US steel prices driven up by multiple factors

  • Wednesday, March 15, 2023

  • Keywords:US steel prices
[Fellow]Demand has remained steadier for longer than the market had expected, with talk of a recession pushing further out into the year and lessening in severity.
[]Coming into 2023, most US service centers expected flat steel spot supply to be abundant and prices in a relatively tight $600-800/short ton (st) ex-works range. They reduced their contract volume commitments from the mills by 10-30pc in response.
Instead since mid-October steel mills have kept utilization rates at or below 75pc, and the Argus US Midwest and southern hot rolled coil (HRC) ex-works assessment has risen by 83pc since mid-October to $1,150/st on 14 March, blowing by previous market expectations as steelmakers drive prices ever higher.
Demand has remained steadier for longer than the market had expected, with talk of a recession pushing further out into the year and lessening in severity. In the US, interest rate hikes by the US Federal Reserve has yet to sap strength from the still hot economy, even though they have recently caused some headaches in the banking industry.
Prior to 2023 and into the early parts of the year, US service centers had reduced their inventories to levels they normally would not operate at, fearing being caught with high-priced inventory if demand fell off.
Now many are scrambling to find additional steel as supply has remained tight amid the reduced steel mill utilization rates. The lower service center inventories mean buyers have less to buy from their competitors, and many report operating with a lack of certain types of steel products in their inventories.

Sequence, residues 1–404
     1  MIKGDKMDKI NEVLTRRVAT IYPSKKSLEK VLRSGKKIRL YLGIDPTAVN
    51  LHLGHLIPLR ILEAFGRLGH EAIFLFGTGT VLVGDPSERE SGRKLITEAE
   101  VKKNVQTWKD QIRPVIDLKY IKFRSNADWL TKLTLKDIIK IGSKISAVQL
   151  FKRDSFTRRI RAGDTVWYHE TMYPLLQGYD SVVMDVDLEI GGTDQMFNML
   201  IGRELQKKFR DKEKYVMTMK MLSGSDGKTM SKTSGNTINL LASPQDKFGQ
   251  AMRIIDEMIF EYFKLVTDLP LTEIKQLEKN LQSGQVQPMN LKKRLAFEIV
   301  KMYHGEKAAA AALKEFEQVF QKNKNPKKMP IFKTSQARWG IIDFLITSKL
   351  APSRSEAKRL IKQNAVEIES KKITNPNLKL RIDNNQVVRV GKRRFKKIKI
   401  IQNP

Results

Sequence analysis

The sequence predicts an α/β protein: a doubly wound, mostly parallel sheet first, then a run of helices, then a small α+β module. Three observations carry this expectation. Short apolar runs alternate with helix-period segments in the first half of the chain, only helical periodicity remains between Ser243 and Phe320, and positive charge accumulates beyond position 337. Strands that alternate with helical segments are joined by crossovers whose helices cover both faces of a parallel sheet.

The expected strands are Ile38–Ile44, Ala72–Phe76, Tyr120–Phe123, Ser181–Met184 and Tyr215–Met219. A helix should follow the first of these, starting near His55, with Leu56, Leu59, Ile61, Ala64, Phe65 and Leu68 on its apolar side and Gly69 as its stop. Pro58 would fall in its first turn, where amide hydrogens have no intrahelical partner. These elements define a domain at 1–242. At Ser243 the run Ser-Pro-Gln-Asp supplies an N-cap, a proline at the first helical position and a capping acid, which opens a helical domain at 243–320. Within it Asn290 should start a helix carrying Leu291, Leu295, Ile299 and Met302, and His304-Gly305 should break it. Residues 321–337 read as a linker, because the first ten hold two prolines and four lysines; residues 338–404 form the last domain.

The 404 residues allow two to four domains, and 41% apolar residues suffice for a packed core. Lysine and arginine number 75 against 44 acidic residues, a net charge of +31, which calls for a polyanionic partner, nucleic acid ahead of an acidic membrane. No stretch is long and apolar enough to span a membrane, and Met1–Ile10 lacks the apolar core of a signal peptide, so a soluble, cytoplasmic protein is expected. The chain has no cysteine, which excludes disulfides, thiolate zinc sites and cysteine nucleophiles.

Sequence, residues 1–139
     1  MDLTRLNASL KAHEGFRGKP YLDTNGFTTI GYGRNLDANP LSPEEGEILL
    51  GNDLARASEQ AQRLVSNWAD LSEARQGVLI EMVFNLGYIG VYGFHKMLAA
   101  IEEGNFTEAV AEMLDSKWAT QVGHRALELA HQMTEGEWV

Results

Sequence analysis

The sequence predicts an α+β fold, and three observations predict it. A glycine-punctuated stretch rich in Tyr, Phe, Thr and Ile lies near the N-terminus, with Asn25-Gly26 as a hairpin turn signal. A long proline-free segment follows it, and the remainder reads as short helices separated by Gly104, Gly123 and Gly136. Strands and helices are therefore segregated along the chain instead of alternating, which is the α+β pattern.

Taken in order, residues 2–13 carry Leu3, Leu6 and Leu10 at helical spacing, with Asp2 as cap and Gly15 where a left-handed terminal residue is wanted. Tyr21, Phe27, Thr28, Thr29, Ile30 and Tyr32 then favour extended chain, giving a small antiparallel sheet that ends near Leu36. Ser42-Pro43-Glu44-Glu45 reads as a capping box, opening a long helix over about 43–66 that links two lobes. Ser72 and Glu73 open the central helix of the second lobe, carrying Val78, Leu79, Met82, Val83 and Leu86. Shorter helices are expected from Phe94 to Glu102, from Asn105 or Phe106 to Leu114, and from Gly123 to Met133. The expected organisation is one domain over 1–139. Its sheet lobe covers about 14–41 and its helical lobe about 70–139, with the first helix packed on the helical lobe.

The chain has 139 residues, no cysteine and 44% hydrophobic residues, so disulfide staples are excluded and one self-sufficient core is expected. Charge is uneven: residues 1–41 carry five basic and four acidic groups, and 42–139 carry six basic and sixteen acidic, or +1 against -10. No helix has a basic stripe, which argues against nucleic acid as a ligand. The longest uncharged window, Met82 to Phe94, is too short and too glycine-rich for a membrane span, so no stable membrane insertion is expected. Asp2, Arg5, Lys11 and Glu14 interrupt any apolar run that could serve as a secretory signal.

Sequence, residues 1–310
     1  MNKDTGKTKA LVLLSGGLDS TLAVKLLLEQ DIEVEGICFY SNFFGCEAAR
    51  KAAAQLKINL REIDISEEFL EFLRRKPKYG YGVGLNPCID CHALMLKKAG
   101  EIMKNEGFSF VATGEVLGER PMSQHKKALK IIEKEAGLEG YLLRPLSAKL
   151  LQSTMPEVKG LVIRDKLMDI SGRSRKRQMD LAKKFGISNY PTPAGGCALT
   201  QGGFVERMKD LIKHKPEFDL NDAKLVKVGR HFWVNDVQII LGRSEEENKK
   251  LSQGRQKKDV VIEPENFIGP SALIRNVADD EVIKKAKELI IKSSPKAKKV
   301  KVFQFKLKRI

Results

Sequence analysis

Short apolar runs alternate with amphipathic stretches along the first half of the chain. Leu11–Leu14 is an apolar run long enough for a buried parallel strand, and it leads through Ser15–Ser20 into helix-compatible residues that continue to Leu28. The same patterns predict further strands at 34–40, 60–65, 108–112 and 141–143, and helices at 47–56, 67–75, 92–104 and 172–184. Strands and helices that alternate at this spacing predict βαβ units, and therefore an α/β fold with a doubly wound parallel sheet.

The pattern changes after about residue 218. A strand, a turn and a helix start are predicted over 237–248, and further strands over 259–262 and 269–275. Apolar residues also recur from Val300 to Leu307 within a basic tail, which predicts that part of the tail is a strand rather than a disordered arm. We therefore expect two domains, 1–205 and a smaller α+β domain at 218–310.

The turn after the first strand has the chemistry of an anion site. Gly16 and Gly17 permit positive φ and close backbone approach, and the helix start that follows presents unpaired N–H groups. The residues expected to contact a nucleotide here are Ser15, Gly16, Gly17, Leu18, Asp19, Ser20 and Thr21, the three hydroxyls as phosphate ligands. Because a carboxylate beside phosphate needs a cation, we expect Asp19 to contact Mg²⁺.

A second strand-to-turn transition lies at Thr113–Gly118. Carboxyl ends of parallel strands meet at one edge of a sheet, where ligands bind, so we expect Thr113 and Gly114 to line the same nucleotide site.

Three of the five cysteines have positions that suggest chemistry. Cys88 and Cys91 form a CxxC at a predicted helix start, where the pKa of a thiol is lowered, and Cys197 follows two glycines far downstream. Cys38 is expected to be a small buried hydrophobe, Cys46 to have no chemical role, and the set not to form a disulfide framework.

Steel mills with new production such as Steel Dynamics' (SDI) Sinton, Texas mill or Nucor's expanded Gallatin mill in Kentucky continue to operate below expected levels, and the two companies expect better performance in the second quarter.
Multiple short-term steel mill outages are also hitting the US market from March through May, with the bulk over the next 4-6 weeks. Over 330,000st of raw steel production are estimated to be lost from the market from outages.
In tandem with this, imports of steel have fallen, removing a potent source of supply that typically fills in gaps when domestic supply is short and when prices climb.
In 2022 imports came in at lower rates, with HRC imports down by 19pc to 2.25mn metric tonnes (t), while hot dipped galvanized (HDG) coil imports fell by 4.7pc to 2.54mn t.
February license data from the US Department of Commerce showed a potential ninth consecutive month of steel import declines, with HDG volumes potentially down 37pc year over year and HRC imports down by 35pc.
The cutting of production at Mexican steelmaker Altos Hornos de México (AHMSA) brought on by financial woes has cut off much lower cost supply from Ternium, also reducing the number of options US buyers have. Southern US mills have also been selling into Mexico to fill the gap.
The multitude of issues has raised questions to how long the current rally can last. Much will hinge on how steel mills operate coming out of their outages, and if steelmakers keep their production rates lower than they had been in 2022. Flat steel imports are reported to be coming between June and August, though how much will make it to US shores is yet to be seen. argusmedia
  • [Editor:kangmingfei]

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